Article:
Skip to comments.Trump Administration Repeals Federal Protections on Puddles, Dry Stream Beds, Some Ditches. Hysterical reactions greet the White House's modest changes to federal clean water rules.
Posted on 01/25/2020 5:46:05 PM PST by karpov
Another day, another barrage of hysterical reactions to a marginal regulatory reform. The latest cause for concern is the White House's finalized clean water rule that renounces the federal government's ability to regulate ponds, puddles, and (some) ditches.
Yesterday's regulation replaces the prior Waters of the United States (WOTUS) rule issued by the Obama administration in 2015. The Obama-era rule was controversial from the get-go, with multiple Red states filing legal challenges claiming it exceeded the federal government's authority to regulate water pollution. A slew of federal court rulings stayed the implementation of the rule in over half the states.
The new rule released yesterday is intended to pare back the federal government's regulatory powers to something closer to what Congress intended when it passed the 1972 Clean Water Act.
"All states have their own protections for waters within their borders, and many regulate more broadly than the federal government," said Environmental Protection Agency (EPA) chief Andy Wheeler at a homebuilding conference in Las Vegas today. Wheeler's department, alongside the Army Corp of Engineers, is responsible for writing and implementing the new clean water rule. "Our new rule recognizes this relationship and strikes the proper balance between Washington, D.C., and the states."
Most media outlets reporting on the rule change went with a different framing.
The Trump administration would "strip away environmental protections for streams, wetlands and groundwater, handing a victory to farmers [and] fossil fuel producers," wrote The New York Times. "California will be hit hard as Trump administration weakens clean water protections," warned the Los Angeles Times. "Trump erodes water protections," declared Politico.
"This will be the biggest loss of clean water protection the country has ever seen," Southern Environmental Law Center lawyer Blan Holman told the Times.
(Excerpt) Read more at reason.com ...
When I lived in Western Kansas, The Arkansas River was listed as a navigable stream. It was bone dry most of the time.
Good. That U.N. River Navigator nonsense was B.S. from the get go. I hope he slapped the snot out of all of it.
A wonderful improvement. The federal government has been asserting control over lands which have been totally and completely un-navigable since Noah’s Flood.
Some of these lands are indeed the very downtown districts of cities with 5, 7, even 10 story buildings!
Its been crazy as a bedbug on a bender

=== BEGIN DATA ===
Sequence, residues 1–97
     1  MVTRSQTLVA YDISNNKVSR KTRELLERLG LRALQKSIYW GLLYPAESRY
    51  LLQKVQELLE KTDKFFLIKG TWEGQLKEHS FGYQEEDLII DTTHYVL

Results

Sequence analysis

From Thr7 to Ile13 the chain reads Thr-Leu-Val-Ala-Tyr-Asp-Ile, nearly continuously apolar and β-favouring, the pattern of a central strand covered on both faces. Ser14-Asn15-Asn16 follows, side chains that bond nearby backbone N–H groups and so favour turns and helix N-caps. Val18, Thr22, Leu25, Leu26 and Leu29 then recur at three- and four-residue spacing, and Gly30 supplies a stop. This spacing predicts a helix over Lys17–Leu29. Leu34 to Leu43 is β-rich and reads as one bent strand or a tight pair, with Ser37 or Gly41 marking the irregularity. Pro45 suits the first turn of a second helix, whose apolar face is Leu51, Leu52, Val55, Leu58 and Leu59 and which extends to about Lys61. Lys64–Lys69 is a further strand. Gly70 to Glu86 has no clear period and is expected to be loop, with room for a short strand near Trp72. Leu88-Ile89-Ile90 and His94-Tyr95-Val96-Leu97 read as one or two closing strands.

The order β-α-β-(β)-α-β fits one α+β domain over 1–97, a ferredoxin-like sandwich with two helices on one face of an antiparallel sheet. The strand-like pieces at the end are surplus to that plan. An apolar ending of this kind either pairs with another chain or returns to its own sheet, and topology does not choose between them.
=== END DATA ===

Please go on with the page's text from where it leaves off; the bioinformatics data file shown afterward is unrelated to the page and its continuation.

This man deserves a pardon as well.
Minorities, women and children hardest hit.
AND, his money returned to him!
A few more nonsense like that removed, and we might have a real economy...
Throughout N. California we have seasonal dry streams, that only have water flowing in winter and early spring.
The green eco nazis have used these seasonal dry streams to hammer and punish any land owner for daring to try and control seasonal flows.
They have made Vernal pools a no go for a whole year even if the vernal pools last a few weeks.
Below is the bs Goddess worship of these mud puddles:
California’s Vernal Pools - Department of Fish and Wildlife
Jun 17, 2013 - Vernal pools are a type of temporary wetland, and are some of the most ecologically important and distinctive areas in California. Vernal pools .
>>AND, his money returned to him!<<
With interest; and any of his work they ‘restored’ redone.
It’s probably no coincidence that American wages began stagnating in the early 1970s when the EPA was created.
EPA red tape has seriously delayed and wholly prevented all sorts of businesses ever since. It’s one reason that manufacturing abandoned the US.
In California the EPA has prevented the use of Sacramento Delta water by declaring the Delta Smelt an endangered species.
It has worsened our fires by preventing the removal of fuel from forests.
My first two environmental cases were “WETLANDS” cases and were stupid in the government’s approach to resolving a resolvable issue (i.e, putting tunnels under constructed dirt/road bridges for something like “moving biological masses” (i.e, fish, frogs, turtles) to go thru to get to the waters on the other side (thru a tunnel that is filled with connecting water).
The Rapanos decision among others was purely a powergrab by the Obama regime to control the waters of the US, thus putting farmers at the mercy of government officials.
The crap that California did to Rep. Devin Nunes (R-CA) farmers (about 40,000 of them) was tragic. Many lost their farms due to having their water deliberately cut-off for diversion to the big cities.
PAYBACK’S A BITCH!!!
Time that we got some common sense back into environmental stewardship.
Wanna know just how DUMB the EPA wetland laws are?
In Florida, a developer wants to fill in some swampy area and build. To do that, the acres of wet land must be substituted someplace else. That place is Colorado. By flooding some land in Colorado, the developer in Florida can fill in some land.
That’s just how dumb the EPA and the liberals are.
The Az desert is full of dry washes that have been designated as wetlands.
I can only imagine how much desert is ‘wetland’ now.
If it even runs once a year during a flash flood rain it is now a wetland.
As a real estate agent I used to have to advise potential land sellers to drain and fill any mud puddles and rid themselves of any wetlands vegetation (not growing in true wetlands) on their properties before offering them for sale. I saw buildable properties declared wetlands by faceless bureaucrats, which rendered them of no value.
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